Injury surveillance in amateur sport – avoiding potential pitfalls (Caithriona Yeomans)

In my previous blog, I discussed the difficulties with conducting comprehensive injury surveillance, particularly in relation to different injury definitions used, the methods of reporting injury rates and how to calculate the severity of an injury. As part of my PhD research on the Irish Rugby Injury Surveillance (IRIS) Project, I am collecting injury data from amateur Rugby clubs around Ireland. Having researched various injury surveillance systems, it was evident that many of the comprehensive prospective surveillance systems existed in the professional sports setting, with limited information available regarding amateur cohorts.

This left me with a lot of questions:

  • Would an injury surveillance system used in professional cohorts work as well in an amateur setting?
  • Would injury surveillance be more difficult in an amateur cohort?
  • Would the injuries reported, the compliance in reporting and the barriers to reporting be the same in the professional and amateur game?

Using this information and wary of the questions floating around my head, the IRIS project designed a bespoke surveillance system, with an amateur sporting cohort in mind. In today’s blog I’m going to discuss some of the difficulties I’ve encountered working in with amateur Rugby clubs and try give some tips on how to combat these.

The first issue I found in amateur clubs is the availability of qualified medical professionals. In a professional club, there is likely to be a team of physiotherapists, doctors, strength and conditioning coaches (to name but a few) available to report injuries, monitor trends and guide prevention strategies. The accuracy of injury surveillance data is reliant on the skill of the observer (or injury recorder). While the professional teams have fully qualified medical professionals recording this data, in the amateur game you may be reliant on non-medics such as club welfare officers and coaches. Cognisant of this, the IRIS project has implemented a two-tiered system in order to capture all injury data but also ensure accuracy of the data reported. The initial injury may be recorded by the nominated injury recorder at the time of injury, give a ‘provisional diagnosis’. This may be updated following an assessment with a medical professional to give a ‘final diagnosis’ to ensure accuracy. IRIS injury recorders were also trained prior to the season starting to make sure they were comfortable using the system and aware of the injury definitions IRIS is using.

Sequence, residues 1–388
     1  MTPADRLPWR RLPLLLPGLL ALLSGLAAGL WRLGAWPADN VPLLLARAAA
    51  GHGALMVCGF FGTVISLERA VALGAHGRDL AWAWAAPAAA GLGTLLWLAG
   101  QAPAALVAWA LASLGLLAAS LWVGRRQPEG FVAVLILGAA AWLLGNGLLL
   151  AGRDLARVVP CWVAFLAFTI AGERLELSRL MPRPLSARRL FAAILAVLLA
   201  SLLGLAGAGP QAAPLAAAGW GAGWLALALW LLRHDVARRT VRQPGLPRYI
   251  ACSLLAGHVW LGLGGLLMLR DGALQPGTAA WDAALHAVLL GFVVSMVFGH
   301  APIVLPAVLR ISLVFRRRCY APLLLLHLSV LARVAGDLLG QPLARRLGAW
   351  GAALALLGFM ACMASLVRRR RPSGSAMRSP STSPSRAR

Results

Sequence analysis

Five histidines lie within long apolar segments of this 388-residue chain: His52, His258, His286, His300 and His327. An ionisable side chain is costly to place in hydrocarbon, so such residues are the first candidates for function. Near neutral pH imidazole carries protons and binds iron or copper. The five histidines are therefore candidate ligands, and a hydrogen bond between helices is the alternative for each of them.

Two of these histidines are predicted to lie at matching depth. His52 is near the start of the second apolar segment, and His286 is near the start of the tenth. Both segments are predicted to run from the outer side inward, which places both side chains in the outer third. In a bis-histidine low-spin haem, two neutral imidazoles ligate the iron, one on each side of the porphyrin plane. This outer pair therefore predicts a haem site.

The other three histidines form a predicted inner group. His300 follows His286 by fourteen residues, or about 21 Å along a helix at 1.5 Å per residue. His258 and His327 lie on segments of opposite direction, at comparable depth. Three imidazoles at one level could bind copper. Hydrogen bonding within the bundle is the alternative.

Compliance is going to be difficult in all cohorts during a research project, however it may be more difficult to ensure buy-in with amateur clubs. This may be due to the availability of resources and staff to carry out the work. In the amateur game, club staff are often voluntary and will have work commitments outside of the sport. So adding to their workload is going to be the main barrier to compliance. To try and combat this, make sure the information you want to collect is clear, relevant and simple. You need to balance the amount of information you want to collect with how time-consuming this will be for the participants. You also need to make sure that the methods by which you’re collecting the data are easy to use and accessible when your participants need to use it. The IRIS project uses a web-based injury report form, which can be used on all laptops/phones/tablets and on all internet browsers to make the form accessible to injury recorders at all times. The injury report form is mainly made up of questions with ‘drop-down’ boxes to select an answer, to limit the amount of writing for the injury recorder and therefore making it quicker to complete.